Local Hospitals Testing New Moms for Pot & Other Drugs (12/26/12)
More than a dozen city hospitals have admitted to testing new mothers for drugs and contacting ACS if they are positive for smoking marijuana.
The New York Daily News reported that a several hospitals serving low income and minority women have adopted the practice of mandatory screening for illegal drugs in either mothers and newborns.
Family Court attorneys said they see scores of neglect proceedings each year originating from a positive marijuana test — almost exclusively against low-income and minority women.
Attorneys who fight these cases have begun citing scientific findings that pot use poses less risk to fetuses than cigarettes or alcohol. “They take a urine test and act as if it can predict parenting ability,” said Emma Ketteringham of the Bronx Defenders, “It’s doing more harm than good.”
The shift in legal strategy followed a landmark decision by a Brooklyn judge early this year that included the first-ever expert testimony in this type of case.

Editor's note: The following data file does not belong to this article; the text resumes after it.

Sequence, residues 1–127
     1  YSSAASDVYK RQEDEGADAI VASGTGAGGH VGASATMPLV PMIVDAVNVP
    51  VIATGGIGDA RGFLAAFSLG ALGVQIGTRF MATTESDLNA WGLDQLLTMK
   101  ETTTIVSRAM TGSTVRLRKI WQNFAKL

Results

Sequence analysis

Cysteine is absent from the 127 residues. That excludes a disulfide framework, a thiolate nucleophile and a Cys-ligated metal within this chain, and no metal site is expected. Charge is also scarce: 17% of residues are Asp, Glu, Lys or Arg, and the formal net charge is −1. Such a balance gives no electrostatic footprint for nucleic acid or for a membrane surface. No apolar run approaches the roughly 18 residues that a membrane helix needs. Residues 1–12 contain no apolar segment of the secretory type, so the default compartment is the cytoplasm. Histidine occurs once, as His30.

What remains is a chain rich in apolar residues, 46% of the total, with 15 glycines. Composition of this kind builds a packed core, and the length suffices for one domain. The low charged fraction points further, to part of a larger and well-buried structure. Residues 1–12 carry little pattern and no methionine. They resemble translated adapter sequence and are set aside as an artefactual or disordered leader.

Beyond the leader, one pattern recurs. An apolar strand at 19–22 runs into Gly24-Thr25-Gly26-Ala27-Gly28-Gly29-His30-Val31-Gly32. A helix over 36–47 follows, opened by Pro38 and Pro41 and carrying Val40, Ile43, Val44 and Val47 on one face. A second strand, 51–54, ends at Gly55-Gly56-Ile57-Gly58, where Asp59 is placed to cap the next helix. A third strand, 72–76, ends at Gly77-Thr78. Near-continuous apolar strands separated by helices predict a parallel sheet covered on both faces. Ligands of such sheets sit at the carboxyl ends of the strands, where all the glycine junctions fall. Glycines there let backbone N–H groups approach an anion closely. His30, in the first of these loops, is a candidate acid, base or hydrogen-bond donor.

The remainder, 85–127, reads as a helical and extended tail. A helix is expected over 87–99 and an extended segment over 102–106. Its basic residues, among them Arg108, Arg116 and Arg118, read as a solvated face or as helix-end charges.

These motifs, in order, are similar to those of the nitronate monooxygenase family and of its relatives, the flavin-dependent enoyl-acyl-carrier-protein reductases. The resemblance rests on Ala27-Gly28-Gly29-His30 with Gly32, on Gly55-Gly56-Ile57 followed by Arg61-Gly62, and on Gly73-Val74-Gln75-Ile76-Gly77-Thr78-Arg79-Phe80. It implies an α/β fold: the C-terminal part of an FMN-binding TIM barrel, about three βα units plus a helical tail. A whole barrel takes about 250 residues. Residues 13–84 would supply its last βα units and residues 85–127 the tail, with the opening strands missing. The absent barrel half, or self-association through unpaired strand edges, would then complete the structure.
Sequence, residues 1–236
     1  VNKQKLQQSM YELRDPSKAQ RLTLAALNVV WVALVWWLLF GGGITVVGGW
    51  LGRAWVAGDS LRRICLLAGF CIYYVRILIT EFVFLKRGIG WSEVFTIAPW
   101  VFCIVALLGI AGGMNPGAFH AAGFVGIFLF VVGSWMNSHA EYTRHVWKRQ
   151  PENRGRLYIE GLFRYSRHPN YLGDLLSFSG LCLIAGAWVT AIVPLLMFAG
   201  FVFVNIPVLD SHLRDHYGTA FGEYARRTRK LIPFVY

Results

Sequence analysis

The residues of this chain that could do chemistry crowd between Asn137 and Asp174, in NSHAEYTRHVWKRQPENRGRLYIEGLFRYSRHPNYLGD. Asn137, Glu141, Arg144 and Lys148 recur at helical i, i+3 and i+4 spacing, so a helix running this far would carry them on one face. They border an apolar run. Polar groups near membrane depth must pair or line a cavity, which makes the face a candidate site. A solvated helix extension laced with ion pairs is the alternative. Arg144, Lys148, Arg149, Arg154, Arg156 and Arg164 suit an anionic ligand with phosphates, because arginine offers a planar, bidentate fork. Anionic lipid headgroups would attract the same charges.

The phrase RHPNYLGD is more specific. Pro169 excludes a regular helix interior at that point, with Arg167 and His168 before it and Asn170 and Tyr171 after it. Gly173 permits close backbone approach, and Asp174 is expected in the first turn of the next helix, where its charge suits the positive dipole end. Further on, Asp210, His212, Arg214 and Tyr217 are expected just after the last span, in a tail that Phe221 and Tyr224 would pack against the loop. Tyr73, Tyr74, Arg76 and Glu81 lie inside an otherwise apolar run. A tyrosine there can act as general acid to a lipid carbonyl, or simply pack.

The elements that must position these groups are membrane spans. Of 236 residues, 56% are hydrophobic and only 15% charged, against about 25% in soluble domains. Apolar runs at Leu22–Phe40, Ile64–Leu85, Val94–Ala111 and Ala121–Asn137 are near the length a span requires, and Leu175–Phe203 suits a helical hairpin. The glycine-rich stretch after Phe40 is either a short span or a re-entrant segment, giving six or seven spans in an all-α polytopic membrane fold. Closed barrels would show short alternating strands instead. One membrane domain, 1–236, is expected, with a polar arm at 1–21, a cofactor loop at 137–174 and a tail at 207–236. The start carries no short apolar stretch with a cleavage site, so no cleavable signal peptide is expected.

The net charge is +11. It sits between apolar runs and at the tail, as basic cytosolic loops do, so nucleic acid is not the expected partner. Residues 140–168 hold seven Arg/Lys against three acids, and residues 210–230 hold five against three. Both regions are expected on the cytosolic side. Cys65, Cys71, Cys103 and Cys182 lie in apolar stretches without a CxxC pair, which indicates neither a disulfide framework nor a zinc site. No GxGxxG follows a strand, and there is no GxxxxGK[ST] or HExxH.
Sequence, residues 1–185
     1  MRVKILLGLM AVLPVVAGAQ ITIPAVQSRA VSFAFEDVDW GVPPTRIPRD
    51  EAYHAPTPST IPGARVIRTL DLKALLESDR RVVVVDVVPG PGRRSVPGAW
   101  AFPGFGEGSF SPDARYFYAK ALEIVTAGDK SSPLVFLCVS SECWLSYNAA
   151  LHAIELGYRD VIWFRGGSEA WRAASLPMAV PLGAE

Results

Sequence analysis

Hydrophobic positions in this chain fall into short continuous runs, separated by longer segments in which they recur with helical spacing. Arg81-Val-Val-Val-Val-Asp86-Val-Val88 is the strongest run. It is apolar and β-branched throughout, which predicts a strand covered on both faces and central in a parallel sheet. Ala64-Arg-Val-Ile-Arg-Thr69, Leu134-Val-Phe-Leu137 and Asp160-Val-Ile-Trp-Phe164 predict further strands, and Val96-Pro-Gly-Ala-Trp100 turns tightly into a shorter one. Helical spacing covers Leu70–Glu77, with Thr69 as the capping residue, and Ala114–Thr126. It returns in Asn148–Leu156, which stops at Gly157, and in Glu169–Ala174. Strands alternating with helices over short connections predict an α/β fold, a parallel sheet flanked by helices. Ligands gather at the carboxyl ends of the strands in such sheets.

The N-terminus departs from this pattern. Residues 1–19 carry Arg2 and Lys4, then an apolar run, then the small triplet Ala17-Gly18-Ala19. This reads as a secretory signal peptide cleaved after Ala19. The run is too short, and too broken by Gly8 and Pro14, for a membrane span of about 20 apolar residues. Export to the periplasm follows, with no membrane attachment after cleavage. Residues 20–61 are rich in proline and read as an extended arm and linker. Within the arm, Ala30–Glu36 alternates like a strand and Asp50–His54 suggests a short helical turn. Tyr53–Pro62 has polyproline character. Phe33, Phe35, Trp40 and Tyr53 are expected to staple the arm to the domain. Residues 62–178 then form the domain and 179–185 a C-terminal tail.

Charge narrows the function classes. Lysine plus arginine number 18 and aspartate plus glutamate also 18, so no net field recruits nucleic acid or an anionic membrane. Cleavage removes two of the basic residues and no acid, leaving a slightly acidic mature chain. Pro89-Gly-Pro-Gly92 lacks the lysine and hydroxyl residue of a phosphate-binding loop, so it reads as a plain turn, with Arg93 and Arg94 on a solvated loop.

Columbia University neuroscientist Carl Hurt has testified marijuana poses less risk to the fetus than alcohol or cigarettes.
"All the scientific research," Hart wrote in a court document, "leads me to conclude that recreational use of marijuana does not undermine responsible parenting."
ACS Commissioner Ronald Richter said his agency is mandated to investigate reported cases and follow the laws against marijuana.
"I'm not going to sit here and say we're always able to meet our burden," said Richter. "That's why we have a court."
In fact, the issue of maternity ward drug tests made its way to the highest court in the land. The Supreme Court ruled in 2001 that taking such tests without consent, when they could lead to a criminal charge, amounts to an unconstitutional search. But the ruling does not cover civil child protection proceedings.
Source: New York Daily News
- Who We Serve
- What We Do
- Where It Happens